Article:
Understanding Oversight Gaps in Congress

Legislative Branch Inspectors General Coverage and Coordination
(Illustration: Renzo Velez / POGO; Photos: Getty Images)

Chairman Ryan, Ranking Member Herrera Beutler, and Members of the House Appropriations Subcommittee on the Legislative Branch, thank you for the opportunity to submit testimony on closing the gaps in legislative branch inspectors general coverage and coordination. I am Liz Hempowicz, director of public policy at the Project On Government Oversight (POGO). POGO is a nonpartisan independent watchdog that investigates and exposes waste, corruption, abuse of power, and when the government fails to serve the public or silences those who report wrongdoing. We champion reforms to achieve a more effective, ethical, and accountable federal government that safeguards constitutional principles.

Inspectors general (IGs) provide independent, professional, and nonpartisan oversight over various government operations, helping to uncover evidence of waste, fraud, abuse, and malfeasance. The inspector general system that was established for the executive branch in 1978 has largely been a success. Similarly independent watchdogs are also uniquely positioned to provide objective oversight of legislative branch components.

The COVID-19 pandemic and the January 6 attack on the U.S. Capitol laid bare the urgent need to increase coordination across Congress and its agencies related to cybersecurity and information sharing. Currently, congressional information and technology is too often managed on an ad-hoc basis and in multiple silos. The legislative inspector general community is not immune to those challenges.

Within the legislative branch, there are a number of information, technology, and cybersecurity gaps in inspector general coverage. There are currently five inspectors general situated within legislative branch agencies: the inspector general for the Library of Congress, the inspector general for the United States Capitol Police, the inspector general for the Government Accountability Office, the inspector general for the Government Publishing Office, and the inspector general for the Architect of the Capitol.1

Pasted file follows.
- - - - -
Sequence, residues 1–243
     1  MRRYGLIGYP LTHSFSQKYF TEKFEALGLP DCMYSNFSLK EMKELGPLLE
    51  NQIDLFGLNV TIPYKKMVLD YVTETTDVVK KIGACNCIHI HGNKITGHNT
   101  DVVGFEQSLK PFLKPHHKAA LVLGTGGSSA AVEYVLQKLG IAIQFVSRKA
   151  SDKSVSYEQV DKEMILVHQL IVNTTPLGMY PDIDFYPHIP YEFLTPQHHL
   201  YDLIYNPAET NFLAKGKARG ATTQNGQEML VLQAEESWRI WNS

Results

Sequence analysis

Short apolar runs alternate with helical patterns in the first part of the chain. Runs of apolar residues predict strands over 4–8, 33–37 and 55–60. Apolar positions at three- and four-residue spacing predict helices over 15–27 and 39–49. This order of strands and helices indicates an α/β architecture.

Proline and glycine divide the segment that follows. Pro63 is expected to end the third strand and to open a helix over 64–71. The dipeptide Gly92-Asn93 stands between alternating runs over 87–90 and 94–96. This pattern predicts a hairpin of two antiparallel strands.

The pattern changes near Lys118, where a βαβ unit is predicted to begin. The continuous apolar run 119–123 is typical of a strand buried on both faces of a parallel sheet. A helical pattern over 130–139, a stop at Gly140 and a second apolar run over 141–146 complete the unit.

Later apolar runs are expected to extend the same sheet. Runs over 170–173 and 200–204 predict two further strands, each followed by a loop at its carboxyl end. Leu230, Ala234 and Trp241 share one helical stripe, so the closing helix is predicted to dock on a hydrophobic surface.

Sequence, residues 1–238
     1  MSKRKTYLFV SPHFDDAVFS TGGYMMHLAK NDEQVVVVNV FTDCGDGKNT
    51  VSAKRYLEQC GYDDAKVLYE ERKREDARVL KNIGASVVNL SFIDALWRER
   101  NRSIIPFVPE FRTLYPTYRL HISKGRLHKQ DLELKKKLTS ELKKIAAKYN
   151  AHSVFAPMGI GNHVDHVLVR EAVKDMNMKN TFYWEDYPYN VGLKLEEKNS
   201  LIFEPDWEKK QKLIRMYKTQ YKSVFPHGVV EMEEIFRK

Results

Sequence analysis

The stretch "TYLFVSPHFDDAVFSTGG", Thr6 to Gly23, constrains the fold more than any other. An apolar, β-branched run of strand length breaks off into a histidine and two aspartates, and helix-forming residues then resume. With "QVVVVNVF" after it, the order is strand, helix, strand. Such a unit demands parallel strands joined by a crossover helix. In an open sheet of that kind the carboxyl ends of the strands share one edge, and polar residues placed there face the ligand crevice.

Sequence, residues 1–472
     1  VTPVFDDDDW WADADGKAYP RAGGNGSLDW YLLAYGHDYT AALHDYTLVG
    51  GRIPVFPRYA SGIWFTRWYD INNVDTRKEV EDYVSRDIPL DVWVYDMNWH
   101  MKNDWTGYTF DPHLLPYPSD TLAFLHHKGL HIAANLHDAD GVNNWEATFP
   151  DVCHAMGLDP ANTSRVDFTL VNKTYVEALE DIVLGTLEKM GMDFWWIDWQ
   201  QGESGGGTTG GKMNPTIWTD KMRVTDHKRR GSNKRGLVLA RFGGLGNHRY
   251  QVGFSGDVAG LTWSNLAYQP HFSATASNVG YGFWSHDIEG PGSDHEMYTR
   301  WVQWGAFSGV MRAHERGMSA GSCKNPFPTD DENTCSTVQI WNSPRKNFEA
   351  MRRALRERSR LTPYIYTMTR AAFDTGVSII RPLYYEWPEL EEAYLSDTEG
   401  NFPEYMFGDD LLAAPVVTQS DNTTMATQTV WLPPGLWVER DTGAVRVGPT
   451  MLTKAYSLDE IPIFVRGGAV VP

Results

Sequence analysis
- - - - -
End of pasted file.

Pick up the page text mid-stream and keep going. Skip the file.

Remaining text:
However, significant offices remain without oversight, including the Office of Congressional Workplace Rights, the Office of Attending Physician, and others. Additionally, while the rules of the House establish an inspector general for the House of Representatives, there is no similar inspector general overseeing the work of the Senate.2

And even when individual watchdogs are in place, gaps in the legislative inspector general system can limit their efficacy. There is no coordinating council for legislative branch inspectors general that enables information sharing and the creation of best practices standards, as the Council of the Inspectors General on Integrity and Efficiency (CIGIE) does for executive branch IGs.3 Perhaps most importantly, current legislative IGs may lack sufficient independence to best enable rigorous oversight.4

With all of this in mind, I urge the Appropriations Committee to request the Government Accountability Office to produce a report examining the gaps in independent oversight within the legislative branch inspector general system. Specifically, the report shall determine these gaps, identify conflict areas and offices that are not covered, and make recommendations around structures and best practices to properly protect IG independence within the legislative branch, using the executive branch as a model where it may be helpful. In doing so, I would encourage the GAO to consult with CIGIE and other internal and external stakeholders with expertise around inspectors general. Given the urgency around these issues, I would recommend the committee ask for such a report to be published no later than 180 days after the passage of the Fiscal Year 2023 Appropriations Bill.

Thank you again for the opportunity to submit this testimony.